Monday, January 28, 2019

Difficult Conversations

I had surgery this past Thursday.  Three surgeries were planned and an additional surgeon showed up unannounced to perform an additional procedure for which I am very thankful.  A dream team of doctor's came together to figure out what the best course of action was for me and prayerfully provide long term relief. 

Surgery went well and recovery is a challenge, but I knew that it would be. When this much surgery takes place,  it takes an excessive amount of time for the body to heal.  I am instructed to do nothing for two weeks. Bed to couch and back again.  I may or may not have washed a counter without reaching and may have folded a few towels.  I was so exhausted from that, I couldn't do anything else. I rest a lot, nap a lot, and dream about the next time I can rest again. It is hard for me to slow down and do nothing. But this time is welcomed.  Because when I do start feeling better,  when my body starts really healing,  I will no longer struggle with daily pain.  I will not longer tell my kids we can't leave the house because I don't feel well.  I will no longer have to decline invitations from friends because I do not know how I will feel.  I will be able to resume activities that I love and jump back into life and actually have fun every day.  

Leading up to surgery, there were a number of things that I needed to do. I scheduled a Pre Op Physical.  I called both surgeons and asked my list of questions.  I called the insurance company with CPT codes to make sure that my three surgeries were covered by the company. I had to pack a bag for an extended hospital stay. I had to inform teachers of my surgery and make sure that rides and meals and after school care was coordinated.  I had my husband arrange so that my amazing mom in law came the night before to spend the night and make sure that the kids got off to school okay in the morning and then to come back again after school to get them off the bus and give them dinner.  I had to fill out paperwork and make sure I had my daily meds packed.  

One of the forms requested was my Living Will.  I have completed a Living Will because of past surgeries. Not every 43 year old has a need for one. But it gives me peace of mind knowing that mine is in place.  My Living Will states that if I am ill, not able to speak for myself, what I would and what I wouldn't want done.  It states that if something happens and I will not recover from it and will not survive, to make me comfortable but do not use any extraordinary measures to prolong my life.  I have seen too many children holding on way too much by prolonging the life of a parent in hopes that they will improve against medical recommendations.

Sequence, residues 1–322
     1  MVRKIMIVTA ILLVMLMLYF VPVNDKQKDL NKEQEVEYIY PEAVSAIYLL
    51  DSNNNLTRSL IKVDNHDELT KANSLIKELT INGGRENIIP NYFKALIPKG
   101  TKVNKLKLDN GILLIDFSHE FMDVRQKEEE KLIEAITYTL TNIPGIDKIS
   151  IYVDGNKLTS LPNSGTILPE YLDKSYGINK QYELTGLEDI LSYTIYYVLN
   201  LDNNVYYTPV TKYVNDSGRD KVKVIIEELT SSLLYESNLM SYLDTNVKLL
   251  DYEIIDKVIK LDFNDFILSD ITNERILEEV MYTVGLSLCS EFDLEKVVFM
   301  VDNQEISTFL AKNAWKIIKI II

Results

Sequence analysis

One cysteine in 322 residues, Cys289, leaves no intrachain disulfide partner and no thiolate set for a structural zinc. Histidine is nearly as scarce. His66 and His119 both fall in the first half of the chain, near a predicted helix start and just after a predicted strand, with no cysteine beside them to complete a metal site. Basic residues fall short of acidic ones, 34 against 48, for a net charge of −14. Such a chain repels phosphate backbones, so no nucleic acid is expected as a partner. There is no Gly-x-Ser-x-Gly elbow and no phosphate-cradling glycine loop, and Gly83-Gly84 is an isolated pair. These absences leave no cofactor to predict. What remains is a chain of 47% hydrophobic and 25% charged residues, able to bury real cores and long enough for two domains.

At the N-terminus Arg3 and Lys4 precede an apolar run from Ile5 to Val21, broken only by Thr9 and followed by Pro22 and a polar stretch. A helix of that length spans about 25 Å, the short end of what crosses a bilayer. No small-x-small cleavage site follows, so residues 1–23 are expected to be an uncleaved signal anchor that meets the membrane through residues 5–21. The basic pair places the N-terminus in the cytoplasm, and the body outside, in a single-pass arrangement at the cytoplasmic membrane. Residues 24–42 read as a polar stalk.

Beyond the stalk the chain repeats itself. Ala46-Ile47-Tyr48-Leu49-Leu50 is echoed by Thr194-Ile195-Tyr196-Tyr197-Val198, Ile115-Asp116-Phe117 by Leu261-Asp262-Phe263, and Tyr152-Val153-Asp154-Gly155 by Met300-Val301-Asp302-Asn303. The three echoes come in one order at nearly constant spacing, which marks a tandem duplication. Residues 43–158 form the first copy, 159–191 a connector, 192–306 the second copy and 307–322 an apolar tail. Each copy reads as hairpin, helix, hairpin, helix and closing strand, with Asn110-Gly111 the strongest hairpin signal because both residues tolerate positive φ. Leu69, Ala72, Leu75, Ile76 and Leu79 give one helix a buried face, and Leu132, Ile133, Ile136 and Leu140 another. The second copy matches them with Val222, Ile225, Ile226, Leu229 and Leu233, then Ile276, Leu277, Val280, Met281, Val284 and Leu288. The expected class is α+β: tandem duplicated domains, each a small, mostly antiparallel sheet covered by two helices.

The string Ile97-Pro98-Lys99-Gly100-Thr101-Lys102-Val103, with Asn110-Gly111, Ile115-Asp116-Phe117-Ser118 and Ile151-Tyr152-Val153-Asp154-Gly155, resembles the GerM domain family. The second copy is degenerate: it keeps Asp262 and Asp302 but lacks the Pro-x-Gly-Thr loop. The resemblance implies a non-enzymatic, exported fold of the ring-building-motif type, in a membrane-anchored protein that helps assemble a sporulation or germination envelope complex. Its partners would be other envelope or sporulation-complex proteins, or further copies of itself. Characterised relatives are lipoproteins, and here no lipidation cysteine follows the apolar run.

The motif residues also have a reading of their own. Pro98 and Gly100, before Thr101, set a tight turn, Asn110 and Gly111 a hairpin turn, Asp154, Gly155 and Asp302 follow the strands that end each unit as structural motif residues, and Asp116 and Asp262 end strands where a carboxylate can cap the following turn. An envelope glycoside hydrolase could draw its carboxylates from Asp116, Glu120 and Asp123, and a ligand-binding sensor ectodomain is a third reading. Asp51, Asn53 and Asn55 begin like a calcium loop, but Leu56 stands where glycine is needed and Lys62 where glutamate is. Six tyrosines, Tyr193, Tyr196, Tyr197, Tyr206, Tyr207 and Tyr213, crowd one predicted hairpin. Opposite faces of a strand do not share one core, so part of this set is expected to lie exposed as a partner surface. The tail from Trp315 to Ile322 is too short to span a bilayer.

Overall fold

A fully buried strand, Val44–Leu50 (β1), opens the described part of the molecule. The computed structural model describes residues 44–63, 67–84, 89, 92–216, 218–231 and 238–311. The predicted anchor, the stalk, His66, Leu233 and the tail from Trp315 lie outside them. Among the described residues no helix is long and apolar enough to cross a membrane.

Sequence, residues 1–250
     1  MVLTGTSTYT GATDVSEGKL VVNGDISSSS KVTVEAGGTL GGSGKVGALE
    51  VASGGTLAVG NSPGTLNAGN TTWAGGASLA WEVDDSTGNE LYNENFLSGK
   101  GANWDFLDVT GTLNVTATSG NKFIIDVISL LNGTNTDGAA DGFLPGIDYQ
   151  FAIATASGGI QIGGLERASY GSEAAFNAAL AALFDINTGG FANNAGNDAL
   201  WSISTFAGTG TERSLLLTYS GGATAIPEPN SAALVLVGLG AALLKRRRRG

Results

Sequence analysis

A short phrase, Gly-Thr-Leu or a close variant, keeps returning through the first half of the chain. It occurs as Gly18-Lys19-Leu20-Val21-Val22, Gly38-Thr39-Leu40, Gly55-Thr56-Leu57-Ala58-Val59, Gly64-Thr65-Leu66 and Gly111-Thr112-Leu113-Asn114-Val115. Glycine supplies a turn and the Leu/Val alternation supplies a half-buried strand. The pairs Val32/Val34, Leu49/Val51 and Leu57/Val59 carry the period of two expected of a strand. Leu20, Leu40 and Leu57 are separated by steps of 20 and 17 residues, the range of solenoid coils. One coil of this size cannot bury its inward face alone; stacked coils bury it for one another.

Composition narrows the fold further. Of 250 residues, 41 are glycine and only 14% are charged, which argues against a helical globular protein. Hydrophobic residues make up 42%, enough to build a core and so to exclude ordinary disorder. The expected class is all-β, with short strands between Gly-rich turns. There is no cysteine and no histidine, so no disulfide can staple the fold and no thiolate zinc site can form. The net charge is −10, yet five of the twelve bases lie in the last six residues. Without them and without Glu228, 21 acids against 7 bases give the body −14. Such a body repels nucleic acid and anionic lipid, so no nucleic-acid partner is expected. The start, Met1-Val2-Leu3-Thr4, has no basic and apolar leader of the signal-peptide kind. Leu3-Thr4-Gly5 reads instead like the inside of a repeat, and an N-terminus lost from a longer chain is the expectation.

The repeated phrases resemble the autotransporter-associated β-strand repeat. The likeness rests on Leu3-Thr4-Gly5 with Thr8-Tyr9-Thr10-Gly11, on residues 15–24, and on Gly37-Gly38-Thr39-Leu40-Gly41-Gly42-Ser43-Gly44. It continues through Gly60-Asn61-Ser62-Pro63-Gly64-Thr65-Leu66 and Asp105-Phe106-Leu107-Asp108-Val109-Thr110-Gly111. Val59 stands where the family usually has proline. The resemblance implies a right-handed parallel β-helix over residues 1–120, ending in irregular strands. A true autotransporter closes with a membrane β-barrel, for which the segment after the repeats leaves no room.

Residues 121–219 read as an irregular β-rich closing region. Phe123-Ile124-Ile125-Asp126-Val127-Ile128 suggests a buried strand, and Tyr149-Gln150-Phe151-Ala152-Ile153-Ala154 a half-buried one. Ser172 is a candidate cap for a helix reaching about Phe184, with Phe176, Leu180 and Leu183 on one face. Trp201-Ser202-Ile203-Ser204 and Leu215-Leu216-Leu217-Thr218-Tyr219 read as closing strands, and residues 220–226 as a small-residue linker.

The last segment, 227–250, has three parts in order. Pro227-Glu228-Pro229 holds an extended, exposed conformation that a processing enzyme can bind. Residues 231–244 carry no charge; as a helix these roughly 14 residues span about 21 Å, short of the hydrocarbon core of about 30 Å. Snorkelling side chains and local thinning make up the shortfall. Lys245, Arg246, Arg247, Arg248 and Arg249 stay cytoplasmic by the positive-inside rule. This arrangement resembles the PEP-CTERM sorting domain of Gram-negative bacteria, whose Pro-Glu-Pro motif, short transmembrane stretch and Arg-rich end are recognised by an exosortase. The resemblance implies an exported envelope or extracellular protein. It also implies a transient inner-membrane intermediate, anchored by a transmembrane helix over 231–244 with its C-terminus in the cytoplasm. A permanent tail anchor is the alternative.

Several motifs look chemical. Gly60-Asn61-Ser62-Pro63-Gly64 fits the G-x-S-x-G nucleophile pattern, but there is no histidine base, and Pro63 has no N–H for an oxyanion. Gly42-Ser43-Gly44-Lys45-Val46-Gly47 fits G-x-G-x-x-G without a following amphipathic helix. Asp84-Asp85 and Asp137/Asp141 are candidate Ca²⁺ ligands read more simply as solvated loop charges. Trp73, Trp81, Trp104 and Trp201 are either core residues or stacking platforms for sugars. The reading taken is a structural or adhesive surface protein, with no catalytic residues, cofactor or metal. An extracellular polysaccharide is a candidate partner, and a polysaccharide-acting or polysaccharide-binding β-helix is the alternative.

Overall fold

Times like this, when facing serious surgery where complications are even expected, difficult conversations had to take place.  On Wednesday night after the kids went to bed, we prayed. We prayed for a long time. We also talked briefly about the hard stuff.  I said I knew he didn't want to talk about it, but I reminded him that he is my overall Health Proxy. He has been given the right to speak on my behalf. I reminded him that my major goal is to be kept comfortable.  I also reminded him of the risks of these surgeries I was facing.  We reviewed the paperwork together again, just so we both knew all of the information that they contained.  I told Josh that if something were to happen to me during surgery, and I would not make it, that I would want him to make sure that every organ that could be used would be donated to someone that needed it. That all my blood, any tissue, even my horrible eyes, everything should be donated.  He knows how I feel about organ donation.  He understands that something good can always come from something horrible. 

I want the little girl who has sat in the hospital waiting for a new heart to play outside with her puppy.

I want the burn victim to have skin their arms to no longer feel the need to cover themselves when they go out into public.

I want the child who needs a new liver to dance with joy when the phone call comes that one has become available. 

I want the mother who has prayed for her child to see, to have eyes that will see green and blue and yellow and pink and purple and red all for the first time. 

I want those that would go without or those that would lose their own life to know that there is hope. That strangers care. That there is a way. 

Reflecting back, nothing went wrong during my surgery. Everything went quite well, even better than planned and relief is in sight. But one thing remains, when faced with the choice of what I would do if surgery becomes a reality again in the future, the same conversation would take place.  I will still tell Josh that I want him to help where he can.  To do everything that can be done. To preserve nothing.

I will not need this body. It will be cremated or placed in the ground.  The Bible says, I am promised a New Body.  A body where there is no pain.  And that sounds like an amazing promise to me. 

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